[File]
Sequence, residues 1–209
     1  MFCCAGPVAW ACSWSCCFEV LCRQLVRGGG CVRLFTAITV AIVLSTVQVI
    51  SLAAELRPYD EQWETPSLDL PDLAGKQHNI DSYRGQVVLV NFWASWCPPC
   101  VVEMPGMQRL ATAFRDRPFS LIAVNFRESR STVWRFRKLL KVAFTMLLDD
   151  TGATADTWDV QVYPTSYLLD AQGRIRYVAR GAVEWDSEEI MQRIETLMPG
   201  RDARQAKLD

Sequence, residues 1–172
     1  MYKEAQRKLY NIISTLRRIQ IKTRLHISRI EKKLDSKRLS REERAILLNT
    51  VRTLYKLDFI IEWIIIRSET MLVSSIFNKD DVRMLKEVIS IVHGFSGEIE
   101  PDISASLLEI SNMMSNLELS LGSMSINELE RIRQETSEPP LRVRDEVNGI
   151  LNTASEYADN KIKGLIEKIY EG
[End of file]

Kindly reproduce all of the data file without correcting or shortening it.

Sequence, residues 1–209
     1  MFCCAGPVAW ACSWSCCFEV LCRQLVRGGG CVRLFTAITV AIVLSTVQVI
    51  SLAAELRPYD EQWETPSLDL PDLAGKQHNI DSYRGQVVLV NFWASWCPPC
   101  VVEMPGMQRL ATAFRDRPFS LIAVNFRESR STVWRFRKLL KVAFTMLLDD
   151  TGATADTWDV QVYPTSYLLD AQGRIRYVAR GAVEWDSEEI MQRIETLMPG
   201  RDARQAKLD

Sequence, residues 1–172
     1  MYKEAQRKLY NIISTLRRIQ IKTRLHISRI EKKLDSKRLS REERAILLNT
    51  VRTLYKLDFI IEWIIIRSET MLVSSIFNKD DVRMLKEVIS IVHGFSGEIE
   101  PDISASLLEI SNMMSNLELS LGSMSINELE RIRQETSEPP LRVRDEVNGI
   151  LNTASEYADN KIKGLIEKIY EG